Design, build, and distribute a scalable, unified high-end computing I/O forwarding software layer that would be adopted and supported by DOE Office of Science and NNSA.
- Provide function shipping at the file system interface level (without requiring middleware) that enables asynchronous coalescing and I/O without jeopardizing determinism for computation
- Offload file system function from simple or full OS client processes to a variety of targets, from another core or hardware on the same system to an I/O node on a conventional cluster or a service node on a leadership class system
- Reduce the number of file system operations/clients that the parallel file system sees
- Support any/all parallel file system solutions
- Integrate with MPI-IO and any hardware features designed to support efficient parallel I/O
Once developed, this framework will be available online under an open-source license. We will encourage its adoption both in production and for further research into I/O forwarding approaches.
The application I/O calls get translated to ZOIDFS—an efficient parallel file I/O API that we defined. ZOIDFS calls are forwarded over an interconnecting network to the I/O nodes. I/O nodes run ZOIDFS server code that efficiently translates the calls to the native API of the underlying parallel filesystem.
- portability across networks: we are developing ports for IBM Blue Gene, Cray XT, Roadrunner, and Linux clusters.
- support for multiple filesystems: we are developing support for PVFS, Lustre, PanFS, and standard POSIX API, and will also provide a pluggable infrastructure for other filesystems.
- hooking to applications: MPI-IO via ROMIO, POSIX via the SYSIO library, modified GNU libc, or FUSE.
- performance: this being a high-end computing project, performance is of paramount importance, so we are working hard to ensure at every step that the software we develop does not introduce unnecessary overheads.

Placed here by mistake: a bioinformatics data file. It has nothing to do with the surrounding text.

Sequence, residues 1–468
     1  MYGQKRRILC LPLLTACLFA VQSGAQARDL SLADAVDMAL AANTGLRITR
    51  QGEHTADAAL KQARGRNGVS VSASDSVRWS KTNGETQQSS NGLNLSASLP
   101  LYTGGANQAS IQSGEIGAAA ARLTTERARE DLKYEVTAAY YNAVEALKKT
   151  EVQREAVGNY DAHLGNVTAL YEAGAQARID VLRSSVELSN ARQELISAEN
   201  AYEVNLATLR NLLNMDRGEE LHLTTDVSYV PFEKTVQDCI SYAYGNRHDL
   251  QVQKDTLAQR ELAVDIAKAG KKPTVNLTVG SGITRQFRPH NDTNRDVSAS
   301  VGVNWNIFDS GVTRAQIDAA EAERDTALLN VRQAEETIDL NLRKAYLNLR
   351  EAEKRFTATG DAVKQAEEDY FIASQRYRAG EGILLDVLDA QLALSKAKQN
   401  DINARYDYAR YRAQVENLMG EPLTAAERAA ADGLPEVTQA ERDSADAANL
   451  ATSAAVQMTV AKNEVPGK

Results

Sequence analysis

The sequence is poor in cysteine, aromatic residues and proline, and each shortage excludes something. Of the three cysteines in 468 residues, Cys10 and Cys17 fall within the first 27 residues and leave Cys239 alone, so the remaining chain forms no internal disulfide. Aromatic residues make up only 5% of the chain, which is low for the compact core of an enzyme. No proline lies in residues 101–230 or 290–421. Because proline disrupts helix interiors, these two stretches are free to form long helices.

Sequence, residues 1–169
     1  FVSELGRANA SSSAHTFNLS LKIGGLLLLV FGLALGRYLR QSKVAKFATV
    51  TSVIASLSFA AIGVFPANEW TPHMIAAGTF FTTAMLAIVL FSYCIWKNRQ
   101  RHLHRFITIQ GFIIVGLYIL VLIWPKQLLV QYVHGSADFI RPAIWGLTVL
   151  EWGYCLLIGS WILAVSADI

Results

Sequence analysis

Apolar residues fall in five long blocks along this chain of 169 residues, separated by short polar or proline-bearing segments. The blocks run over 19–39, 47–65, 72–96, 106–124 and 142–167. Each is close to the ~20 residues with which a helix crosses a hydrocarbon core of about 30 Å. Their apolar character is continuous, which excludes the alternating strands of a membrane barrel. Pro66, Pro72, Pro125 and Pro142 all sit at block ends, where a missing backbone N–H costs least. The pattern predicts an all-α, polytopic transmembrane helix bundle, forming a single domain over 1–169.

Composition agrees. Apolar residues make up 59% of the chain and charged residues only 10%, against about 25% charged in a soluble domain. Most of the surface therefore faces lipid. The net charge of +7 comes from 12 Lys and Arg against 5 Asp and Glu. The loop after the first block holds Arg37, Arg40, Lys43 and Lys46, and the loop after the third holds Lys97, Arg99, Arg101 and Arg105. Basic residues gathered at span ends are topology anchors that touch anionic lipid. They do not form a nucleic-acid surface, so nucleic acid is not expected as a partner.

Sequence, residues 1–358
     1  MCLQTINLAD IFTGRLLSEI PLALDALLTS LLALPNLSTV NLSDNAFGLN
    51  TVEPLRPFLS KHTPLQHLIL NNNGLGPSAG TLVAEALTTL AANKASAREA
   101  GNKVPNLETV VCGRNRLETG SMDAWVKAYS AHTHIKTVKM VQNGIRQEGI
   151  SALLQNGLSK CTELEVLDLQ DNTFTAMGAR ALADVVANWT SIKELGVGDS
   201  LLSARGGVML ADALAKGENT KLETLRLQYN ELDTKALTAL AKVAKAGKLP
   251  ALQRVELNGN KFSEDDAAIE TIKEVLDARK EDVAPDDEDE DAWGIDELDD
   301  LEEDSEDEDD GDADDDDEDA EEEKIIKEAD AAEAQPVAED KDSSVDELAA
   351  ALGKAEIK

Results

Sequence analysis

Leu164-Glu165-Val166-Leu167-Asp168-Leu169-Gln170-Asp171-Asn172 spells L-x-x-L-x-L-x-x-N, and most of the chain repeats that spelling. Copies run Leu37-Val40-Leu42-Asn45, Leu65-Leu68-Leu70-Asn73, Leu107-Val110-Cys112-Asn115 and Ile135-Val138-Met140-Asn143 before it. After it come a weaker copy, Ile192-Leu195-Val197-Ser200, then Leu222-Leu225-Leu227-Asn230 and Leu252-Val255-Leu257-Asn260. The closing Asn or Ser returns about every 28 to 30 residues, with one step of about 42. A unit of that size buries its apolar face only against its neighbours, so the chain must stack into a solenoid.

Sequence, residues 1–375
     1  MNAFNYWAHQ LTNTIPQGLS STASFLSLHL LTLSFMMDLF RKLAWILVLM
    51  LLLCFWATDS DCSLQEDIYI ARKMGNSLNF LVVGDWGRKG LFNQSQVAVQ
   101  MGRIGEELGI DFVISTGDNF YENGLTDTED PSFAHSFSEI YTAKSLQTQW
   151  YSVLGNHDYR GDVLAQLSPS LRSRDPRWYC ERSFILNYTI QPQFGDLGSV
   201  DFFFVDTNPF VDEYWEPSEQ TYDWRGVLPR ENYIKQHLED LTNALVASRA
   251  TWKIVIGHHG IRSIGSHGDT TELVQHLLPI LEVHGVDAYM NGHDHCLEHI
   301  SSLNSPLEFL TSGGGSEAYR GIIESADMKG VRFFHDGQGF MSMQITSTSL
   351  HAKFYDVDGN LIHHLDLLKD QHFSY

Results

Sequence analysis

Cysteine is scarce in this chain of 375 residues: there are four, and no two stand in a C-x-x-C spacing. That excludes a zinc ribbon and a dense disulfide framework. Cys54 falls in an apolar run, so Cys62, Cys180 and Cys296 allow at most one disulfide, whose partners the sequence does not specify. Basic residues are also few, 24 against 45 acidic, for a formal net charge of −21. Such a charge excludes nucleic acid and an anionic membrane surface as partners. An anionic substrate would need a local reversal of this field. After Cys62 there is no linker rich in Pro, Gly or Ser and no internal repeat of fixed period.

- security: we are designing and implementing a general, configurable security mechanism at the data access level. This mechanism will be scalable, fine grained, object-based, and capable of using externally generated capability keys sharable across parallel tasks.
- testing: because we are building a production-quality software framework, testing and hardening are critical tasks. Testing will be conducted in three general categories: functionality testing, security testing, and performance testing.
Leveraging existing projects
- ZOIDFS is a filesystem-independent protocol for I/O forwarding, somewhat similar to NFSv3. Highlights include stateless servers, file handles (rather than file descriptors) that can be freely exchanged between the clients, and maximally flexible read/write operations that can deal with multiple file regions and memory buffers in one call.
- SYSIO is a flexible, user-space implementation of the virtual file system abstraction, developed for Cray XT. It supplies all of the normal POSIX calls to the application and assembles the local name space on the compute node based on global configuration information. We are augmenting SYSIO for this project to use our I/O forwarding framework underneath for access to file systems.
- ROMIO is the foundation of most MPI-IO implementations in use. We are implementing support for the ZOIDFS client interface in ROMIO, so that applications using MPI-IO can take advantage of our I/O forwarding infrastructure without modifications.
- BMI is a portable communication layer developed for PVFS, which has support for MX, sockets, Portals, and others. It serves as a communication interface between the compute nodes and the I/O nodes.
- ZOID (the ZeptoOS I/O Daemon) is an extensible, high-performance function call forwarding infrastructure developed for IBM Blue Gene within the ZeptoOS project. ZOID is used as a low-level transfer layer for the Blue Gene driver of BMI.
This project is supported by the DOE Office of Science and NNSA. Support is also provided by the National Science Foundation under grant numbers 0937928 and 0724599.